Author | Photo Jana Sabath

Disabled Sexuality: Relearning Sex and Intimacy After a Stroke Changed My Body

This essay is part of a twelve-part series of sex positive essays sponsored by Womanizer—the world’s best sex toy. Submitted by guest authors, the essays explore and celebrate desire, pleasure, self-love, intimacy and personal discovery. Like us, Womanizer believes that everyone deserves to feel confident about their body, and their sexuality; we celebrate all types of love, and encourage women and non-binary folkx to explore their bodies, and enjoy their sex life. If you want to learn more (OH, you do), go here

I guess I fancy myself something of a storyteller. Before COVID-19 shut down in-person events, I used to co-host a semi-monthly sexuality and relationship-oriented storytelling event called Tell Me Something Good at Glad Day Bookshop. After six years and change I figure I’ve gotten pretty good at sharing deep, personal things about myself with a solid narrative structure.

At the beginning of so many of my stories over the past 5+ years (whether at a speaking engagement, a party, or really anywhere someone asks me why I have a cane) I give a quick backstory for context:

In May 2015, I did something to my neck (doctors posit it was likely stretching or dancing) and caused an imperceptible tear in my vertebral artery. Unbeknownst to me, I then had a small stroke which led to no lasting symptoms except that I sometimes failed to make new memories — I figured it was just because I was really busy. On May 21st, I had two much more severe strokes in my cerebellum and medulla oblongata and wound up in the ICU, spending a little over a week in the hospital, over a month in inpatient rehabilitation, and the better part of a year doing intensive outpatient rehab. The strokes left me with profound balance issues, sensory changes, weakness, and paralysis. I had to relearn how to lift my head, stand, walk, speak clearly, use my arms and hands, eat and drink. It was a lot.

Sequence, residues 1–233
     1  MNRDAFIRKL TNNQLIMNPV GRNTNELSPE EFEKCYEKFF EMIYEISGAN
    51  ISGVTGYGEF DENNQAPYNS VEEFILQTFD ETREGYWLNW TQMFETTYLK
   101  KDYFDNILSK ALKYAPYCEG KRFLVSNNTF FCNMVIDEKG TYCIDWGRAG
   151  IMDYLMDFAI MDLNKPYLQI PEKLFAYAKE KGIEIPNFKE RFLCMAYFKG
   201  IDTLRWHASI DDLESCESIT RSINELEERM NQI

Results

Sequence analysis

Now I walk with a cane, I have to close my bad eye to read properly, sometimes my hands don’t work the way I want them to, but whatever. I’ve made peace with my limitations and most of the day-to-day realities of my disabilities are perfectly fine.

It’s been a much bigger challenge to deal with some of my sensory issues.

Every stroke is different, but one of the hallmarks of my kind of stroke is loss of sensation all over the body. For me, it’s the left side from the neck down as well as my right hand and the right side of my face. I’m basically split down the middle in terms of what I can feel. And yes, this goes for erogenous zones, too.

It’s not that I feel absolutely nothing, but it’s a loss of any gentle sensation and a bizarre rewiring of more intense ones. My partner’s cold feet feel like a knife and the first time I accidentally cut myself while making dinner after the stroke, I started sobbing in agony over a fairly minor injury. I’ll just say it: orgasms feel weird now. They’re still orgasms, but there’s a definite twinge of pain I’ve had to work through.

My balance issues and fatigue persist, meaning that I go through life feeling a little untethered. It’s like my head is a balloon and I’m holding it by a string — its length varying depending on the day. This, coupled with the fact that I can’t really feel most things, means that I feel incredibly detached from my body.

I used to work in sexuality, doing education, writing, speaking, and sometimes coaching. Sexuality and sensuality have always been important to me. They have always been integral to the way I experience the world, and this distance from physical embodiment is hard to overcome. Plus, there’s a vicious cycle where my lack of bodily connection leads to a lack of desire that has been challenging to break. Really, it’s just hard to feel sexy.